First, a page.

The Data-Centric Revolution: Avoiding the Hype Cycle

Gartner has put “Knowledge Graphs” at the peak of inflated expectations. If you are a Knowledge Graph software vendor, this might be good news. Companies will be buying knowledge graphs without knowing what they are. I’m reminded of an old cartoon of an executive dictating into a dictation machine: “…and in closing, in the future implementing a relational database will be essential to the competitive survival of all firms. Oh, and Miss Smith, can you find out what a relational database is?” I imagine this playing out now, substituting “knowledge graph” for “relational database” and by-passing the misogynistic secretarial pool.

If you’re in the software side of this ecosystem, put some champagne on ice, dust off your business plan, and get your VCs on speed dial. Happy times are imminent.

Oh no! Gartner has put Knowledge Graphs at the peak of the hype cycle for Artificial Intelligence

Those of you who have been following this column know that our recommendations for data-centric transformations strongly encourage semantic technology and model driven development implemented on a knowledge graph. As we’ve said elsewhere, it is possible to become data-centric without all three legs of this stool, but it’s much harder than it needs to be. We find our fate at least partially tethered to the knowledge graph marketplace. You might think we’d be thrilled by the news that is lifting our software brethren’s boats.

But we know how this movie / roller coaster ends. Once a concept scales this peak, opportunists come out of the woodwork. Consultants will be touting their “Knowledge Graph Solutions” application and vendors will repackage their Content Management System or ETL Pipeline product as a key step on the way Knowledge Graph nirvana. Anyone who can spell “Knowledge Graph” will have one to offer.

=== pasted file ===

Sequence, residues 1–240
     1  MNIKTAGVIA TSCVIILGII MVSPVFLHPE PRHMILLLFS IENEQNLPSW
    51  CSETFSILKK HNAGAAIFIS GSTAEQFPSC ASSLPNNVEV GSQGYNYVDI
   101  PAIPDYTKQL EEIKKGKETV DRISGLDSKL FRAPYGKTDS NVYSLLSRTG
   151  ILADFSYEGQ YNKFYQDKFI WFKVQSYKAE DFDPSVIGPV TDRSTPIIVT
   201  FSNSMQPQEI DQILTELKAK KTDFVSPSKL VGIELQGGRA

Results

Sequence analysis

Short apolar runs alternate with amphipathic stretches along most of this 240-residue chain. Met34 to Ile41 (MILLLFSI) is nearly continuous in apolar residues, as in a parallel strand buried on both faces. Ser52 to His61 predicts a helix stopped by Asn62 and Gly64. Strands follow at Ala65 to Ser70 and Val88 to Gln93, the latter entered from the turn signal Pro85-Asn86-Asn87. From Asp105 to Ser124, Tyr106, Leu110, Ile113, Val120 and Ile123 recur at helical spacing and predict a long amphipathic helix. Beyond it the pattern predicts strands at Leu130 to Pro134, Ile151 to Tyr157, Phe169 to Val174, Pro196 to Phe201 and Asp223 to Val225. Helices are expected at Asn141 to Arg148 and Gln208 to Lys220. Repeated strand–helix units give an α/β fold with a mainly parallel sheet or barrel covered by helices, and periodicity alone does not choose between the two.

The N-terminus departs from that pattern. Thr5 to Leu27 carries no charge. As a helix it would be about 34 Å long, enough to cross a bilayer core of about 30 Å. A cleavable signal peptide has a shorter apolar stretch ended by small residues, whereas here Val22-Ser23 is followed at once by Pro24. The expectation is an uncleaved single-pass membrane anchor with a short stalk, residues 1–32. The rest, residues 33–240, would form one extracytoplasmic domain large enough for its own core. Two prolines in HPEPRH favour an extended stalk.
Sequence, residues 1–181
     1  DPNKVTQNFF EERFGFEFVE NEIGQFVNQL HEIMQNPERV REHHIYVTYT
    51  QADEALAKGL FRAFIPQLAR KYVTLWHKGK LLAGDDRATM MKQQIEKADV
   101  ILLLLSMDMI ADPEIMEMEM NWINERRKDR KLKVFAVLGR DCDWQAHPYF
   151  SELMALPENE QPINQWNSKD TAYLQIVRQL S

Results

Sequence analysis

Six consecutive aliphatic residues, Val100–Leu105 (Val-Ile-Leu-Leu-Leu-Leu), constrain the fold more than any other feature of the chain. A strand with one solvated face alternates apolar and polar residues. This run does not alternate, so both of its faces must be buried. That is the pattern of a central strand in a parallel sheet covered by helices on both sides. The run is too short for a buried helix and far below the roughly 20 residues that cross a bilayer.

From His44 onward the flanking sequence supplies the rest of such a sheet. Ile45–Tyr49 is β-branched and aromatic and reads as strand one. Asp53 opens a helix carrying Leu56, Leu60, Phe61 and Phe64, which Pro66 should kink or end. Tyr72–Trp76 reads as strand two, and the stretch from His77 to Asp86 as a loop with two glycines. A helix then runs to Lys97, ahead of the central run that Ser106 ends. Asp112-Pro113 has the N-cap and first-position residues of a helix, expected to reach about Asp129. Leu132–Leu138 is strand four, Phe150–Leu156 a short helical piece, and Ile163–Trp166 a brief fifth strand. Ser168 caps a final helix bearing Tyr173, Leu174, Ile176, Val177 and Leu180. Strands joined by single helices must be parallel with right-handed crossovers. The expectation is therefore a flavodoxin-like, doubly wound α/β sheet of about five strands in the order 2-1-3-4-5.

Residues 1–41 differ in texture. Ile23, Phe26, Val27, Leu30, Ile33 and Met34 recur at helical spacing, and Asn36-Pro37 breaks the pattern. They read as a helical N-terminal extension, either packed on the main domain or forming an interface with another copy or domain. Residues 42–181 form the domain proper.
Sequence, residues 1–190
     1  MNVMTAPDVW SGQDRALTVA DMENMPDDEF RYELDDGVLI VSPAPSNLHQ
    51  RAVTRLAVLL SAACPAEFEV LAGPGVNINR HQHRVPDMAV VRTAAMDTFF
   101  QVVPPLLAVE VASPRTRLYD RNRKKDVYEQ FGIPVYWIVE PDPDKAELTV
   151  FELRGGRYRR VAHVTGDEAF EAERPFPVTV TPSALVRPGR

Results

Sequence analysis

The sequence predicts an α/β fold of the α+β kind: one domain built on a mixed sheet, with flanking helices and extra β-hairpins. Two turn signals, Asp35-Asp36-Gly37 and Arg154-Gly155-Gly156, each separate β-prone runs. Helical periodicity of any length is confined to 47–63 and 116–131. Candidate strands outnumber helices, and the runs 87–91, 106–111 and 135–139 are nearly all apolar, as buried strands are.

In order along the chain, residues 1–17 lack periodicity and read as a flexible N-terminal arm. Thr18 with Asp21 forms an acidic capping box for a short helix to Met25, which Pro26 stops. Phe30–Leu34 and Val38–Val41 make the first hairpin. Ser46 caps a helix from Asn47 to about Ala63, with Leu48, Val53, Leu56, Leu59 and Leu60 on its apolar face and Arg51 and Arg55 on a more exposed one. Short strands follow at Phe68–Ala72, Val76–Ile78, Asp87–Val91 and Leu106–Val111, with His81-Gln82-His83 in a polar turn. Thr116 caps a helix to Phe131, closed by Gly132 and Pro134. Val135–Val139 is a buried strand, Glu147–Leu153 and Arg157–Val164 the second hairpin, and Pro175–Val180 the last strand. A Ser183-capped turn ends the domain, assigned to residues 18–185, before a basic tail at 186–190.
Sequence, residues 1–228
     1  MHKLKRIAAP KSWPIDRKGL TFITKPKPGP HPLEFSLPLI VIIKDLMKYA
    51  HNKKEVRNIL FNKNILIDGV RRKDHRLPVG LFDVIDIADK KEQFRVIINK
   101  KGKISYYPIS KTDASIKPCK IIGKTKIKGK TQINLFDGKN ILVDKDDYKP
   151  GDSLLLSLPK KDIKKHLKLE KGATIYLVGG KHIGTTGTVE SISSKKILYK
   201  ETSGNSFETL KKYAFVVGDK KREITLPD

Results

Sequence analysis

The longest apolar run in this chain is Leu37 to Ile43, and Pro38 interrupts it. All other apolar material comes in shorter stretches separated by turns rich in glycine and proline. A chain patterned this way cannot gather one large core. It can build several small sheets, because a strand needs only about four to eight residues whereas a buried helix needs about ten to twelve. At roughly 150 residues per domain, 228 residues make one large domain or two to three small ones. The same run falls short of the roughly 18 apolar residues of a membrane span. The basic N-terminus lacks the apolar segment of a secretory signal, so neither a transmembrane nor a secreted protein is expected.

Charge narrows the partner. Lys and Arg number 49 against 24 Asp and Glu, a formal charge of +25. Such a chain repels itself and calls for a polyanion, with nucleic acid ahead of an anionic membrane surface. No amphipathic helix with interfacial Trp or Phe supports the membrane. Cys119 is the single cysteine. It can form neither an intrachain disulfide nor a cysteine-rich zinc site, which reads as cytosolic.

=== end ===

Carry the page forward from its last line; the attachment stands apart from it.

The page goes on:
Some of you will avoid the siren’s song, but many will not. Projects will be launched with great fanfare. Budgets will be blown. What is predictable is that these projects will fail to deliver on their promises. Sponsors will be disappointed. Naysayers will trot out their “I told you so’s.” Gartner will announce Knowledge Graphs are in the Trough of Disillusionment. Opportunists will jump on the next band wagon.

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If you’re interested in Knowledge Graphs, and would like to avoid the trough of disillusionment, contact me: mccomb@semanticarts.com

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